G-Pop is fully aware that most people do not realize that their ultimate self-worth is gauged by how valuable they are to others.
Self-confidence may have its charm, but if it doesn’t manifest into some sort of contribution to the human tribe, then it comes across more as boasting than boosting.
With that in mind, it might be good to have a pulse on the heartbeat of people’s needs. So here’s how it breaks down:
50% of the time, the only thing people want from us is our ears.
They just want us to listen. Are they offended when we contribute thoughts? Yes. They have planned a soliloquy and we try to turn it into a dialogue.
20 % of the time they want our hands.
“Can you help me lift this?”
“I need some assistance.”
“Somebody finked out on me and I was wondering if you could be there to fill the gap.”
15% of the time, they yearn to have our feet.
Folks are always advertising something, are tied up, and require others to support the cause and put feet to the faith.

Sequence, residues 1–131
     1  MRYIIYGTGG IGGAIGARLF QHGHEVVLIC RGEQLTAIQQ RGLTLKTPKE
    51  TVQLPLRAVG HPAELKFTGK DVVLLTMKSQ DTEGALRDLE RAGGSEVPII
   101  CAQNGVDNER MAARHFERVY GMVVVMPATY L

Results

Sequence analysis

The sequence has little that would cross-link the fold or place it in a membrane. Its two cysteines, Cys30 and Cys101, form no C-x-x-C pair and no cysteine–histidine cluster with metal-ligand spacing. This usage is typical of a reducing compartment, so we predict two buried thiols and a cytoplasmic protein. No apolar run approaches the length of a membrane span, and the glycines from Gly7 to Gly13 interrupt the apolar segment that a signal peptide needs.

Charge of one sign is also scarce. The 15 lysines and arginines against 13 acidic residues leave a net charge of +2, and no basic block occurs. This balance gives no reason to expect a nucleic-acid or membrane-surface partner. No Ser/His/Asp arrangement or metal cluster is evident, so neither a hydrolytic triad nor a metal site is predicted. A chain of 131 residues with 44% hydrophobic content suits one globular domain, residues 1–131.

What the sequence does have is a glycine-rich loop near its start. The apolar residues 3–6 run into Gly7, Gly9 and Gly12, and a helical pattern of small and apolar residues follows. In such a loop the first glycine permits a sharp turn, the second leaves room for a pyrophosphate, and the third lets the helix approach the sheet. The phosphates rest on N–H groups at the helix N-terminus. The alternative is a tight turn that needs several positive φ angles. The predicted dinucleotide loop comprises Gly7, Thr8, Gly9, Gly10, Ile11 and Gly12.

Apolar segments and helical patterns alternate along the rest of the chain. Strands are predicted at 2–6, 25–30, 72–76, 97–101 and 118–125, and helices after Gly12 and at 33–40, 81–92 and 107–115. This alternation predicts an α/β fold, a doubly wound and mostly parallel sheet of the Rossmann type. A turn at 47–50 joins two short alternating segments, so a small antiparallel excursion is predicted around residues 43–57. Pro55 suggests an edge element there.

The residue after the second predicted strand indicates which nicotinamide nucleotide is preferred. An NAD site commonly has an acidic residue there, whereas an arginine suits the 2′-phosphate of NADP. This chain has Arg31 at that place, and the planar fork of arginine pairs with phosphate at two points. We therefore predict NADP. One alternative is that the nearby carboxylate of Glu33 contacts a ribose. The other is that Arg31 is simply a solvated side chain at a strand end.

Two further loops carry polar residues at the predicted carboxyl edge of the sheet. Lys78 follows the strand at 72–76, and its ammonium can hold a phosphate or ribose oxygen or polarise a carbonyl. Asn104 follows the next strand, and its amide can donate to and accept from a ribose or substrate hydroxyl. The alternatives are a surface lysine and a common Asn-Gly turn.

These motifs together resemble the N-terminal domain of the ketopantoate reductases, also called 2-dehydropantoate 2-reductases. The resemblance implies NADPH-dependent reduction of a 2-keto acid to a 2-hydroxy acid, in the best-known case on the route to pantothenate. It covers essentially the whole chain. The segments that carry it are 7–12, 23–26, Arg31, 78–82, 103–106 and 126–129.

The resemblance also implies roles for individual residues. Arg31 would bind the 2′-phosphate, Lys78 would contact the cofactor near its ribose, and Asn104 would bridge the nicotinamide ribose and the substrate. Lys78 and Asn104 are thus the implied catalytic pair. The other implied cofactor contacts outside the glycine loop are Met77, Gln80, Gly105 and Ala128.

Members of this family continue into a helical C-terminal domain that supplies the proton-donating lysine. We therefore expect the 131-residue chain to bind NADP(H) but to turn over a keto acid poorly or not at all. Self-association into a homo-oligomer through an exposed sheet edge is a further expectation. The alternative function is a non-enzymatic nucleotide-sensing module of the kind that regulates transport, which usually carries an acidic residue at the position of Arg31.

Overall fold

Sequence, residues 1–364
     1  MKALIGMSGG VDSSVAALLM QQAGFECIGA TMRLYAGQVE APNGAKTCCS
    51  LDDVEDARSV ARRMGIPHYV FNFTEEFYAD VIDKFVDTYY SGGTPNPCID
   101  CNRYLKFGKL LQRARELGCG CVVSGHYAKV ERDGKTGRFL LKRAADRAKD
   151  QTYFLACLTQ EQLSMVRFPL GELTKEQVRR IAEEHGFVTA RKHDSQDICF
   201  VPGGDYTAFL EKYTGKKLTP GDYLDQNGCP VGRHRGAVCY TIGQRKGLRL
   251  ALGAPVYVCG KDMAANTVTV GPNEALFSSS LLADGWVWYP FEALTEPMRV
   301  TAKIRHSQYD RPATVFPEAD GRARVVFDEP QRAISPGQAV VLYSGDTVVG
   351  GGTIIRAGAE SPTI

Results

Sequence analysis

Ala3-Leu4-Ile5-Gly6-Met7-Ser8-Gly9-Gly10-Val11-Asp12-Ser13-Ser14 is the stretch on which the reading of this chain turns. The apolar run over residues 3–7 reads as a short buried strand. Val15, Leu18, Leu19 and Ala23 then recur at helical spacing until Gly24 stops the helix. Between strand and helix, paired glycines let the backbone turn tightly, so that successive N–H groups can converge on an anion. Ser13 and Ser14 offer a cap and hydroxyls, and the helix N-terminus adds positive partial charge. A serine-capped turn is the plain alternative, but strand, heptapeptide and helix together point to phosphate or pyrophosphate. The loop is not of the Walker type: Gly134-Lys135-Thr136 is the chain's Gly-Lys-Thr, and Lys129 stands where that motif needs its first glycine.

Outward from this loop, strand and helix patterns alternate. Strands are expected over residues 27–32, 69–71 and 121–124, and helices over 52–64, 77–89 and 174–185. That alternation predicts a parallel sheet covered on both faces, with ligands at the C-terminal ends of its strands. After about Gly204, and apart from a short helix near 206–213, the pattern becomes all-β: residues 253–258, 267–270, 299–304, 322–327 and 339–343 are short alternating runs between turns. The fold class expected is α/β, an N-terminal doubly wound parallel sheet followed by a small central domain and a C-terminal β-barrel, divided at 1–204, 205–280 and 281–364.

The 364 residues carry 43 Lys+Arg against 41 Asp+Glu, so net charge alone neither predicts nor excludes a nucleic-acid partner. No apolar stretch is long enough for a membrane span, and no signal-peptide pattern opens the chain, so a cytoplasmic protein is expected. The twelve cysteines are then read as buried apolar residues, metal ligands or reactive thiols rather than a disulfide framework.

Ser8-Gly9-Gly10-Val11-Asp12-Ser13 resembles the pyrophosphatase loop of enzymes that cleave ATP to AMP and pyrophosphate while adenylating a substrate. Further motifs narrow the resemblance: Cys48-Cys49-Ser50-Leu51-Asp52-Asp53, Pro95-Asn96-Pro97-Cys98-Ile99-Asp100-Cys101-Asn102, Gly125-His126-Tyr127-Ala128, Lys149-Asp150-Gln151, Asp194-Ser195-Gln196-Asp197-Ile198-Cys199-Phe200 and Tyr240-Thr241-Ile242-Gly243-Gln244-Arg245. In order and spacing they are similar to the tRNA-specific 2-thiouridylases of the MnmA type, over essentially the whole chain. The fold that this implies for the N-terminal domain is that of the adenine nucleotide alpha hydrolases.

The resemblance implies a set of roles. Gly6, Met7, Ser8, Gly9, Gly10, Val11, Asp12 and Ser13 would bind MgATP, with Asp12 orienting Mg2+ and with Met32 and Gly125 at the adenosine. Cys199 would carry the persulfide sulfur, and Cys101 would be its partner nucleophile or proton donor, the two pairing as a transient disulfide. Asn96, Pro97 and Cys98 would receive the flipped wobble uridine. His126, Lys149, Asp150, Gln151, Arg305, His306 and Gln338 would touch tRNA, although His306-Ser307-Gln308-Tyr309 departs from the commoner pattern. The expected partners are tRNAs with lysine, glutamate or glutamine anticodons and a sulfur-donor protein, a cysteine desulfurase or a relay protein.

10% of the time, they want our eyes.
They would like us to be observant.
For instance, notice when they have broccoli in their teeth.
Maybe that new outfit we think is so adorable actually makes us look like a stuffed sausage.
And 5% of the time they tolerate our words.
It’s why sermons don’t work well.
Seminars are for those who like stale Danish and anemic coffee.
And prayer meetings and Bible studies have diminishing audiences.
Too much talk.
G-Pop wants his children to learn what makes them worthwhile:
- People want your ears
- Then your hands
- Your feet
- Your eyes
And on strange occasions when they’re in a particularly cheery mood … they will put up with a little bit of your yammering.
Published by Jonathan Cring